Eugene Shoemaker was a geologist and a founder of modern planetary science. He studied craters on Earth and Moon, and realized that they were created by asteroid impacts. Shoemaker was the geology principal investigator for Apollo missions, and he also helped to train the Apollo astronauts that went to the Moon. He himself was a candidate for an Apollo Moon flight but was disqualified after being diagnosed with Addison’s disease.
Later in life, he said, “Not going to the Moon and banging on it with my own hammer has been the biggest disappointment in life.” Shoemaker spent much of his later years searching for undiscovered impact craters around the world. He died on July 18, 1997, in a car accident in Australia, where he was studying craters. In 1999, as a recognition for his scientific accomplishments, some of his ashes were carried to the Moon by the Lunar Prospector space probe.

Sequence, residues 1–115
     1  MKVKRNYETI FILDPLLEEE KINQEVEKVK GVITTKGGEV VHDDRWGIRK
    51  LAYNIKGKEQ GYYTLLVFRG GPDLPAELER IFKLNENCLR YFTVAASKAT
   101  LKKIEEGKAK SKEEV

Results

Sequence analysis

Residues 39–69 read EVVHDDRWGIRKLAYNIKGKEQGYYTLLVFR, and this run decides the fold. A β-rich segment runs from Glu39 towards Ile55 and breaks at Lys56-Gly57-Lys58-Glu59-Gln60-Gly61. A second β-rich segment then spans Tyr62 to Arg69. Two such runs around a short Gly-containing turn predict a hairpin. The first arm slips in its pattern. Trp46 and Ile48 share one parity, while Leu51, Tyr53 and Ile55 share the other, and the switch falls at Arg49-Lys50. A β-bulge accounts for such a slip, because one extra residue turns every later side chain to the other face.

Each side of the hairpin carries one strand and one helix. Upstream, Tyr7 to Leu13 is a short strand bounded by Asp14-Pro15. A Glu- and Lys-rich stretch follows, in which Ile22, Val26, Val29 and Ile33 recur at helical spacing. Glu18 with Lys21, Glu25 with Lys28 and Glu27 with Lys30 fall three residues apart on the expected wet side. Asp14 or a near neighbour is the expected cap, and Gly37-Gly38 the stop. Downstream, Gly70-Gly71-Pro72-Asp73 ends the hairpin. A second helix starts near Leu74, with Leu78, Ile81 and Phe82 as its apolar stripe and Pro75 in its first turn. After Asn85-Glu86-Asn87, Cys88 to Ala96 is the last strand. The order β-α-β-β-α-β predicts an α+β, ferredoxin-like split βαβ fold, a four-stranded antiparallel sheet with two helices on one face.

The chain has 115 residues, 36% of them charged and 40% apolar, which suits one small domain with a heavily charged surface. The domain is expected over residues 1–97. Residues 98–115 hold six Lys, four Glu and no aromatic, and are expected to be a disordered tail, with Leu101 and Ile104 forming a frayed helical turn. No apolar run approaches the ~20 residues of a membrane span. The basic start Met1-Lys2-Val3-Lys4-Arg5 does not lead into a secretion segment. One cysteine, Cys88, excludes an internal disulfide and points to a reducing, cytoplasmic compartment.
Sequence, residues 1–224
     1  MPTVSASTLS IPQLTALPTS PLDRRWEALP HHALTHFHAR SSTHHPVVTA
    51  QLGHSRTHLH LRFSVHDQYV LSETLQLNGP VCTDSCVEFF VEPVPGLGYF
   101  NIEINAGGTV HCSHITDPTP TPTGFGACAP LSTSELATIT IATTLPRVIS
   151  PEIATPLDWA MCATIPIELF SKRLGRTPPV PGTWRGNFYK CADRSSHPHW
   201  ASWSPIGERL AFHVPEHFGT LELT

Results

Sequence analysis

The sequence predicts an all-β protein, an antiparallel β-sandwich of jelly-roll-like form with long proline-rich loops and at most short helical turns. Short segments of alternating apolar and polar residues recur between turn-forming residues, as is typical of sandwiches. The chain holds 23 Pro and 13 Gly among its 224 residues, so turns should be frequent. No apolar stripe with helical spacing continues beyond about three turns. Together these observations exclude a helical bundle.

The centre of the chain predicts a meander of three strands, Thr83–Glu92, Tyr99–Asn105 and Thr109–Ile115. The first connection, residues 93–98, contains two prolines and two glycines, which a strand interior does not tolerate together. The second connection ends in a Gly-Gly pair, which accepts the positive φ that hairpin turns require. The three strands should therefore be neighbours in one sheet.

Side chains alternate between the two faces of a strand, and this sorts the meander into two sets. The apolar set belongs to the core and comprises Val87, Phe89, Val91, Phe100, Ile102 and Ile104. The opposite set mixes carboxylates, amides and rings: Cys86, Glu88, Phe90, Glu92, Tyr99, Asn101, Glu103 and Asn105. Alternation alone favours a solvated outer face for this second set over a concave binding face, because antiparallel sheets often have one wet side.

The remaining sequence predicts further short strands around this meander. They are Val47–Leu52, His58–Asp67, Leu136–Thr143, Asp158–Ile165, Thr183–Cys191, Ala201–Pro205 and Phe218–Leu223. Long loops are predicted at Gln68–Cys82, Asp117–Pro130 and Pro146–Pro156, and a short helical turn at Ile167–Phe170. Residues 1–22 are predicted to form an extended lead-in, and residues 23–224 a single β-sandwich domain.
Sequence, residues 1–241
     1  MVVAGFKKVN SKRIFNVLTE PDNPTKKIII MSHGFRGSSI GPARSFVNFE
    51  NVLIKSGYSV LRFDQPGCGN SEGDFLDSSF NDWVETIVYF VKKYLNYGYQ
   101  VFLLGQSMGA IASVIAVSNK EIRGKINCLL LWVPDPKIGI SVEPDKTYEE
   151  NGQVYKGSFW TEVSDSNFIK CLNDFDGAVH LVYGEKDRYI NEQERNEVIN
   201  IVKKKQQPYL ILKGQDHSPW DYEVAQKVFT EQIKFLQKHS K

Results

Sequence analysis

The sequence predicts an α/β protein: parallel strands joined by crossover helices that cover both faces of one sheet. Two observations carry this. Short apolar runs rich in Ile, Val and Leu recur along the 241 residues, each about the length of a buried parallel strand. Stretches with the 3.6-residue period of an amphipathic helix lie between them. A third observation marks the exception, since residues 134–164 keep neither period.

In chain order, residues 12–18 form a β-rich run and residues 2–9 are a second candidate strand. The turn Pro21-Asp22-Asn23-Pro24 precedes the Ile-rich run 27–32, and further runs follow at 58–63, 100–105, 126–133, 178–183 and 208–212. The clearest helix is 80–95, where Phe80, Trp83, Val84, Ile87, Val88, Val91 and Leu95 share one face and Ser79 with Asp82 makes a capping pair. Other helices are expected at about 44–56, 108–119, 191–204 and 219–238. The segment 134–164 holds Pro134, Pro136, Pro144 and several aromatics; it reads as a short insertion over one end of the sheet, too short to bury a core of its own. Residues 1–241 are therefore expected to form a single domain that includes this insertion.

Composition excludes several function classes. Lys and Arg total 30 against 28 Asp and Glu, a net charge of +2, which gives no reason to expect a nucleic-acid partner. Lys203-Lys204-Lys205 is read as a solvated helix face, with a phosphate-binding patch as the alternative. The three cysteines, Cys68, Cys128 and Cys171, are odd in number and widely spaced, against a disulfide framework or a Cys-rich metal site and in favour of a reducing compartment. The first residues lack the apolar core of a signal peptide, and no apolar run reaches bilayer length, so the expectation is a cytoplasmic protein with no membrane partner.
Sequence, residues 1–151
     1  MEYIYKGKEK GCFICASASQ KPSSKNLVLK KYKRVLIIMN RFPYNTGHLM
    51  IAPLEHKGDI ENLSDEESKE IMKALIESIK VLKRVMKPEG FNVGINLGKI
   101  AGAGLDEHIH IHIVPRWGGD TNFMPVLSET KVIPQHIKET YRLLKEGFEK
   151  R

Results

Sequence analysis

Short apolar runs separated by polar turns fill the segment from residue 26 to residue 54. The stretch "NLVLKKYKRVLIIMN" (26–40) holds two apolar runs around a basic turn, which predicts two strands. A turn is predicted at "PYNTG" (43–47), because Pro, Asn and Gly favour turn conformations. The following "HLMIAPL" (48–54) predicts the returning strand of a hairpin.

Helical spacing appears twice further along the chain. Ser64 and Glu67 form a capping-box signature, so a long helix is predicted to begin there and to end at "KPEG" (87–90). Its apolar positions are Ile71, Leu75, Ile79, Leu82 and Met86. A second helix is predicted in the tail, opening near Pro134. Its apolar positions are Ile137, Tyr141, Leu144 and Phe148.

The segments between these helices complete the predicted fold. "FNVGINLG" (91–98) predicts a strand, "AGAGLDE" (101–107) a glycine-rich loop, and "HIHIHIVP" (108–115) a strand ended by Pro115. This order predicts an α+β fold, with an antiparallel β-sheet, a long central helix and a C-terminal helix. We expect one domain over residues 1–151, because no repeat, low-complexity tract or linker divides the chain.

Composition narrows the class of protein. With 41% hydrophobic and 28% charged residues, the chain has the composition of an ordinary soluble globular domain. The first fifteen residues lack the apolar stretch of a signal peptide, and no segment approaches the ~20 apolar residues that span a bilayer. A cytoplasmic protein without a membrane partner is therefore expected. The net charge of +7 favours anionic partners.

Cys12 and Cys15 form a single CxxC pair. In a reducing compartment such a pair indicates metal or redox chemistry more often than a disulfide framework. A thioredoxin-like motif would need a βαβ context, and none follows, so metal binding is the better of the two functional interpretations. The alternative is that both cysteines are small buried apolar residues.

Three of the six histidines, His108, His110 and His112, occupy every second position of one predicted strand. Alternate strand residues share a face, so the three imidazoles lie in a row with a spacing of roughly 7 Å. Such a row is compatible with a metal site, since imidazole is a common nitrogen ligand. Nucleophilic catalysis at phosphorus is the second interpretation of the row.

His final resting place is close to the lunar south pole, in the Shoemaker crater, named after him. The Shoemaker’s urn was inscribed with a quotation from Romeo and Juliet reading: “And, when he shall die Take him and cut him out in little stars And he will make the face of heaven so fine That all the world will be in love with night And pay no worship to the garish sun.” He is the only human buried on celestial body other than Earth.
After his death, he finally got to go where he always wanted to be.